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In the paragraph below, do you not think the second bold phrase should be "what they are" i.e. the pronoun and verb order should be reversed?

Computers are also extremely popular with children and teenagers, and this of course raises questions of where they are traveling on the Internet and what are they seeing.

Edit: Crandall, Jo Ann., Maryanne Kearny. Datesman, and Edward N. Kearny. "How Americans Spend Their Leisure Time." American Ways: An Introduction to American Culture. 3rd ed. White Plains, NY: Pearson Education, 2005. 214. Print.

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    Yes, you are right. – StoneyB Oct 11 '14 at 20:42
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    The author is inconsistent and a copy editor would agree with you. If this sentence were spoken, it might have a large rhetorical pause "... raises questions of where they are traveling on the internet -- and what are they seeing?" and emphasis would be placed on the final interrogatory clause. Rhetorical justification for the inconsistency can be found. – Tᴚoɯɐuo Oct 11 '14 at 20:42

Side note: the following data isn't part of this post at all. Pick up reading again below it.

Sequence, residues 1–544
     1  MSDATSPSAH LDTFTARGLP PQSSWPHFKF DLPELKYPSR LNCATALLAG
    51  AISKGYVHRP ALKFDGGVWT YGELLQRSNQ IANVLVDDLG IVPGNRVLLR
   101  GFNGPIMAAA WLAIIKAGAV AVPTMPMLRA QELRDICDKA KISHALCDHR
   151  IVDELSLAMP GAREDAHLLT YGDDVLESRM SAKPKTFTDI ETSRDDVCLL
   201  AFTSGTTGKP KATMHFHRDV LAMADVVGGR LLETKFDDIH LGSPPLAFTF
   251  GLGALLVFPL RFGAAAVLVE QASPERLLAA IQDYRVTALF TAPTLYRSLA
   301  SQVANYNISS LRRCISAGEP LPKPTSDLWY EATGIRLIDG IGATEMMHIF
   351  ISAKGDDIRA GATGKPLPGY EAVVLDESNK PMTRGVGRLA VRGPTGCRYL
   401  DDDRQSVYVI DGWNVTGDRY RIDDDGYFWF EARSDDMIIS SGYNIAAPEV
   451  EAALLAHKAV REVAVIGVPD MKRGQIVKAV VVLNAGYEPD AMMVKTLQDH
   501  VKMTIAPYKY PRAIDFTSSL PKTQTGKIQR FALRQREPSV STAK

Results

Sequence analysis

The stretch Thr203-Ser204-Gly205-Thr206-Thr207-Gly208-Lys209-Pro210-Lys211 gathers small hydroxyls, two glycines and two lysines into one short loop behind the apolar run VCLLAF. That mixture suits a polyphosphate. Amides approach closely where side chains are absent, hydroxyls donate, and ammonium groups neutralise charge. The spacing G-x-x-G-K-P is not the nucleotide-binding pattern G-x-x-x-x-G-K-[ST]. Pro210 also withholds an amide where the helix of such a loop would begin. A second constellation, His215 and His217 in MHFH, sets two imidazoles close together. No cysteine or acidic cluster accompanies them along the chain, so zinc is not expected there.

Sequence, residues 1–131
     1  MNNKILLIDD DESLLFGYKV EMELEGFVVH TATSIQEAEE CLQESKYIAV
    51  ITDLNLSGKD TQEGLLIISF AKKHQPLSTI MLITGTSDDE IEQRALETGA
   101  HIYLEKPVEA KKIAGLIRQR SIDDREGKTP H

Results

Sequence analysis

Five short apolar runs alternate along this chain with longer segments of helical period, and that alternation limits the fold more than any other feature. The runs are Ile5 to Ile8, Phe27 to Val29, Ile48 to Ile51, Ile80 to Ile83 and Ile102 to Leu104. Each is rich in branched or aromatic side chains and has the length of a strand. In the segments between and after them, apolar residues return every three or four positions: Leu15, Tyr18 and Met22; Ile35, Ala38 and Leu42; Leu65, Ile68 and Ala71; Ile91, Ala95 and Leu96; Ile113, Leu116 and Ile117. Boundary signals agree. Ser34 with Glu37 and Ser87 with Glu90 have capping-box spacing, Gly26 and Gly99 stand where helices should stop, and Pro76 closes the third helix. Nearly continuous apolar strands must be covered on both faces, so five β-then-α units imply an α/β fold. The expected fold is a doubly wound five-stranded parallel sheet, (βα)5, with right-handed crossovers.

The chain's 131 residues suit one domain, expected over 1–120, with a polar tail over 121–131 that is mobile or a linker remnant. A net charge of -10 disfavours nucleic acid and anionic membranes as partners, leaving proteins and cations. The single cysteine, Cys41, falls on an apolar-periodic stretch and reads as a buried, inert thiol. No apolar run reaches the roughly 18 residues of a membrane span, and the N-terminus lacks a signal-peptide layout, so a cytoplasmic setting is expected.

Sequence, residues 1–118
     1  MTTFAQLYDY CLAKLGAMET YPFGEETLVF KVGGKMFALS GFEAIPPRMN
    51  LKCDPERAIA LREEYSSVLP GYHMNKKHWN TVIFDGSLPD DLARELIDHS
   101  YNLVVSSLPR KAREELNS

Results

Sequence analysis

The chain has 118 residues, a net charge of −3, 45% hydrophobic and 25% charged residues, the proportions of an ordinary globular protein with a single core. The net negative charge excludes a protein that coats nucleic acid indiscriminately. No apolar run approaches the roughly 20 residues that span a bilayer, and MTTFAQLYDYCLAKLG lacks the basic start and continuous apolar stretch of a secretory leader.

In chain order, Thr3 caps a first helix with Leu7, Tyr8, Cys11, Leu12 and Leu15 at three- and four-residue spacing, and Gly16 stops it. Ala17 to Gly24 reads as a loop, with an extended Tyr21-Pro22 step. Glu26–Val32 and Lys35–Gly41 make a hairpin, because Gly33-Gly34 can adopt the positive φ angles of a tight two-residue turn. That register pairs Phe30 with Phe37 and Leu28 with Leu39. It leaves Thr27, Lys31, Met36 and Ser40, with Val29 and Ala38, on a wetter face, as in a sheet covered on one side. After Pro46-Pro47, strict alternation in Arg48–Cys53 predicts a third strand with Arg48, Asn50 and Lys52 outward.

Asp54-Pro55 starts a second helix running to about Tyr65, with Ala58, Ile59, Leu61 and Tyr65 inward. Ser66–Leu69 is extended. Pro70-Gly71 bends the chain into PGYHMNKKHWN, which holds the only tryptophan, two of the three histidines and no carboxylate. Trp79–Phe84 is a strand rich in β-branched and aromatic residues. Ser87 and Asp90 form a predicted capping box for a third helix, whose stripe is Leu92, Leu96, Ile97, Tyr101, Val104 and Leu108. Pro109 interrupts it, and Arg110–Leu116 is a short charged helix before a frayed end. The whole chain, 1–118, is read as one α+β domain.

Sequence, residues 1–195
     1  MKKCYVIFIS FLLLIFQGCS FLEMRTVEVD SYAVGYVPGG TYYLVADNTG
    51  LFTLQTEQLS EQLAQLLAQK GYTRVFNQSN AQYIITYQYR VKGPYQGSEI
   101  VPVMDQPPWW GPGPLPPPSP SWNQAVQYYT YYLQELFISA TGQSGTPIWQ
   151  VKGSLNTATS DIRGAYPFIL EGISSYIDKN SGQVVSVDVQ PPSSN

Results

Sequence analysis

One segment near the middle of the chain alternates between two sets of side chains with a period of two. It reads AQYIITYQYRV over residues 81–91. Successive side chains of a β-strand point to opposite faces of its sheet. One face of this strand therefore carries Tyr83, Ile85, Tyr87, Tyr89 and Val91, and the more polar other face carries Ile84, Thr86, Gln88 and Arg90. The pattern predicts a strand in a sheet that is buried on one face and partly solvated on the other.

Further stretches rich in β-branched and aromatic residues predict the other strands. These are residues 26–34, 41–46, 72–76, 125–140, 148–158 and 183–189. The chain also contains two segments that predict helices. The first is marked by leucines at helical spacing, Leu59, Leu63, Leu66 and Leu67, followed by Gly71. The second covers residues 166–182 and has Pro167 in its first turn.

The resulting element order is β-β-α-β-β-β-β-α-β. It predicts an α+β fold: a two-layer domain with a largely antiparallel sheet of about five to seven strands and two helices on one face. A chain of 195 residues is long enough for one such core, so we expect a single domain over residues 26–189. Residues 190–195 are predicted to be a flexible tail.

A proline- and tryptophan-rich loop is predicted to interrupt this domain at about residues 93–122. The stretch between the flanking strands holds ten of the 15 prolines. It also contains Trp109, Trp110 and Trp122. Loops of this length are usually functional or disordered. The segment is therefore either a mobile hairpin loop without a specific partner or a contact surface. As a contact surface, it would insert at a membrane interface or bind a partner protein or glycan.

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Aye, you're right.

"What they are seeing" in this context is the same thing as "the thing that they are seeing", where it's just wrong to say "the thing that are they seeing".

The reason for the mix-up in the paragraph (as you may have worked out already) is that these phrases are said to be 'questions', where the word order would change. It would (somewhat) be understandable to word it the other way provided both bold phrases follow the same word order. The first bold statement however is worded more naturally, so the second should follow suit.

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